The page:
"One man's terrorist is another man's freedom fighter" is one of the worst clichés in the English language. Unfortunately the phrase's logic is applied all too often to the ongoing violence at the Israel-Gaza Strip border. Just look at Peter Beinart's recent column on the riots there. "Why are thousands of Palestinians risking their lives by running toward the Israeli snipers who guard the fence that encloses Gaza?" asks Beinart. "Because Gaza is becoming uninhabitable." And why is the Strip becoming uninhabitable? Because Israel is "denying Gaza's people the water, electricity, education, and food they need to live decent lives."
According to Beinart, the ongoing attempts to damage and breach the border security fence to attack Israel, the rocks and firebombs hurled and shots fired at Israeli soldiers, the firebomb-bearing kites that torment Israeli farmers trying to grow crops, the widespread presence ofswastikas at the demonstrations, the anti-Semitic threats against Jews, the horrible ecologicaleffects caused by burning tires to blind Israeli border guards—all actions carried out by Gazans—are reactions of victims motivated by resistance against their oppressors. The fact that most of the rioters who Israelis have killed were terrorist operatives, or individuals affiliated with terrorist organizations, is irrelevant, because it gets in the way of this narrative.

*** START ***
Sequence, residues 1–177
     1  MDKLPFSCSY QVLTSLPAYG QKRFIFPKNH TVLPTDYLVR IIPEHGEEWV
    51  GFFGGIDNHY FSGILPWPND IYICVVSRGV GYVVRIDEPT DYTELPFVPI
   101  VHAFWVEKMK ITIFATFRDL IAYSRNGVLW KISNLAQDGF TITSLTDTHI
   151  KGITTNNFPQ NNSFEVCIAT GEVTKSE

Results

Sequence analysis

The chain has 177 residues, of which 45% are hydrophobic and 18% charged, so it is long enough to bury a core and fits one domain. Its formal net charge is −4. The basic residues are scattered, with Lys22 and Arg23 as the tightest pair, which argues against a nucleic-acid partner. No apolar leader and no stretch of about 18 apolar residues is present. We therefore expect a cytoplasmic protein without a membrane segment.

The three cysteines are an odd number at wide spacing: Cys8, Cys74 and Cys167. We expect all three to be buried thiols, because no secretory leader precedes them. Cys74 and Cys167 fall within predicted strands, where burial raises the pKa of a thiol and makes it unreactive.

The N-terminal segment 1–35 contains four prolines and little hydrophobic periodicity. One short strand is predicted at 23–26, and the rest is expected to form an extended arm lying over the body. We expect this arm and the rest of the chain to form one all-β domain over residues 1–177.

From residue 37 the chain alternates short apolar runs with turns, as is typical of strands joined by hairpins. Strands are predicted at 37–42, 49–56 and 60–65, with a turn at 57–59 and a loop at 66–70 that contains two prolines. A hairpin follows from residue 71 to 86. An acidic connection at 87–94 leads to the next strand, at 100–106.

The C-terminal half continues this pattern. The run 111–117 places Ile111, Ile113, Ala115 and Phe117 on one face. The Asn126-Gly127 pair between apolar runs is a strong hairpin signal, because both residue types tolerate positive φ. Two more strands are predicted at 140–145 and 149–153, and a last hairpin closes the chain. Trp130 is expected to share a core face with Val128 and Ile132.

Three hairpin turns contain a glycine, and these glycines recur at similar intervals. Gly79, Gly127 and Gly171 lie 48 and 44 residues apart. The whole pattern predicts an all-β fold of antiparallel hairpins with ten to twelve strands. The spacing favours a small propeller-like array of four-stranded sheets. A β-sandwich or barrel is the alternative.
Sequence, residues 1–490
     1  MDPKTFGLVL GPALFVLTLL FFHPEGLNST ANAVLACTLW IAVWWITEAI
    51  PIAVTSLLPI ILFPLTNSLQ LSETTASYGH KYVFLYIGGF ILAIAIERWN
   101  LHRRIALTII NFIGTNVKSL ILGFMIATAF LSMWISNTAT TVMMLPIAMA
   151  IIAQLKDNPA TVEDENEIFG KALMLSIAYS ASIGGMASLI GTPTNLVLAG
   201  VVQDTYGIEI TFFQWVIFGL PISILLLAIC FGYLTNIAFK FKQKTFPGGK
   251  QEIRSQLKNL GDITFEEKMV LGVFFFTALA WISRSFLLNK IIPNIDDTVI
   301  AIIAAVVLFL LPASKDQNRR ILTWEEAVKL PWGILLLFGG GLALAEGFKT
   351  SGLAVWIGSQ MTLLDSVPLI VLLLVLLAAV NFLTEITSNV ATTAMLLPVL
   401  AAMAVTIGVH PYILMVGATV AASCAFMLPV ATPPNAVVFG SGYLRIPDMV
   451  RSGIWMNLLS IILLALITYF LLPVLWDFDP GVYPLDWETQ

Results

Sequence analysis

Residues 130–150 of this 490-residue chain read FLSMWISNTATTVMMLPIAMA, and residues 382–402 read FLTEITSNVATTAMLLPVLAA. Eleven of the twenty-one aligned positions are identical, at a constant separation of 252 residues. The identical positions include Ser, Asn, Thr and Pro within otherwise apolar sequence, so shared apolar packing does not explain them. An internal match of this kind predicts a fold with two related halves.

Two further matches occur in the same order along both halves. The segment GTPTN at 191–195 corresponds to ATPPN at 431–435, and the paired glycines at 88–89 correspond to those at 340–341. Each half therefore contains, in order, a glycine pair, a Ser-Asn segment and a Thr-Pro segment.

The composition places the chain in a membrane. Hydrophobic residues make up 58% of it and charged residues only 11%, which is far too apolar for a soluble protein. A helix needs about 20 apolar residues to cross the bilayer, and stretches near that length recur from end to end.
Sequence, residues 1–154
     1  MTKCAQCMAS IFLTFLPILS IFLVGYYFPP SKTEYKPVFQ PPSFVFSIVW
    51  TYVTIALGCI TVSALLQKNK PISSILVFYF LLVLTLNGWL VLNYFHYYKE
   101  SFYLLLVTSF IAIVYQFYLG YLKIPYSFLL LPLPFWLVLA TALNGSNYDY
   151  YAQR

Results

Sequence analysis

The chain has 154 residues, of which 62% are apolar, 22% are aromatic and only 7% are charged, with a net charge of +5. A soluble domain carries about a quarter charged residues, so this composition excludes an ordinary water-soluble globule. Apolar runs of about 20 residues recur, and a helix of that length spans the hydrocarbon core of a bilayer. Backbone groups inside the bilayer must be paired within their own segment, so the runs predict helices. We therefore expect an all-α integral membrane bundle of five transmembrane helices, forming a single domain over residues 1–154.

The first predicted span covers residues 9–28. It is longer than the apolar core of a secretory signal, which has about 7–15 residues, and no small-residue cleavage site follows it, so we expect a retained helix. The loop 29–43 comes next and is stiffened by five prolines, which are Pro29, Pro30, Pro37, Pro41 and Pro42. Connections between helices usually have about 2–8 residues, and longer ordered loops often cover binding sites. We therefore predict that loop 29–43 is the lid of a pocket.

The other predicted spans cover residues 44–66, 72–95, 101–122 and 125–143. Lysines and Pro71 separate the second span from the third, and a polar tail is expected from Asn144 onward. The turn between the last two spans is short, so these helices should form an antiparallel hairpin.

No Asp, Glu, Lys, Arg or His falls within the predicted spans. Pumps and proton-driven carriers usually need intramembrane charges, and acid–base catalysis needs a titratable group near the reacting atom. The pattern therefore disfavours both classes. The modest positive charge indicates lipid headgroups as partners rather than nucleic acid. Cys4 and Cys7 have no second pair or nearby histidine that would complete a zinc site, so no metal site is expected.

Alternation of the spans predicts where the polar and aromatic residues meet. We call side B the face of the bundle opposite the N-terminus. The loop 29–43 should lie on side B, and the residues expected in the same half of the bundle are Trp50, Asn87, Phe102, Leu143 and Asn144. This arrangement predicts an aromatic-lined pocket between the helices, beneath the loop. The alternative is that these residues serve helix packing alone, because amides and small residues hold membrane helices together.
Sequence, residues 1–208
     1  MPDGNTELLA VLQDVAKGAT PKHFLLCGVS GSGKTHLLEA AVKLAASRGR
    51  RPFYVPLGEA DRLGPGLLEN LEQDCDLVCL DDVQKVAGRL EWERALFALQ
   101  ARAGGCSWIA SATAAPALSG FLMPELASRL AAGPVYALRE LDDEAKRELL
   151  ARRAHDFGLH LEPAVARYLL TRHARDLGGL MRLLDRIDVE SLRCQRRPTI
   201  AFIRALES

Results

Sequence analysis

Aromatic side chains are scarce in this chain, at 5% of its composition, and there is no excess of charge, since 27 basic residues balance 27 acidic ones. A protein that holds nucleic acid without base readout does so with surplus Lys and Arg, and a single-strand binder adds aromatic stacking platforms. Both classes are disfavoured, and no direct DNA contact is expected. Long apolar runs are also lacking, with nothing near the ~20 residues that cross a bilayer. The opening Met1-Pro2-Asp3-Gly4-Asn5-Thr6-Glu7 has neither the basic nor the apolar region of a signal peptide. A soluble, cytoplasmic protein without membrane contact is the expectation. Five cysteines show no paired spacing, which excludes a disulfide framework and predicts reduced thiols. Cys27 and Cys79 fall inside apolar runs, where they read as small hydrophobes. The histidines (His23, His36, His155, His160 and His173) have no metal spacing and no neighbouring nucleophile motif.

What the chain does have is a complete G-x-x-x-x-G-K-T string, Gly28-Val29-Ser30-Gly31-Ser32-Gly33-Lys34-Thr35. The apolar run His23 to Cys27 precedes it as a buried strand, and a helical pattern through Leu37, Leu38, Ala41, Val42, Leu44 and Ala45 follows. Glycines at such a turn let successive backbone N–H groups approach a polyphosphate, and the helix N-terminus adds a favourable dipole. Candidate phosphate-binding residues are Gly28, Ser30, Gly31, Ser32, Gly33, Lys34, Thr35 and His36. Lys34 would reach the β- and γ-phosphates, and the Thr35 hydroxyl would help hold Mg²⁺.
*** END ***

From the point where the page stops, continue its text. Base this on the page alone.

"Hamas is indeed a brutal and destructive force, to both Israelis and Palestinians," acknowledges Beinart. "But Hamas did not force Israel to adopt the policies that have devastated Gaza. Those policies represent a choice—a choice that has not only failed to dislodge Hamas, but has also created the very conditions in which extremism thrives."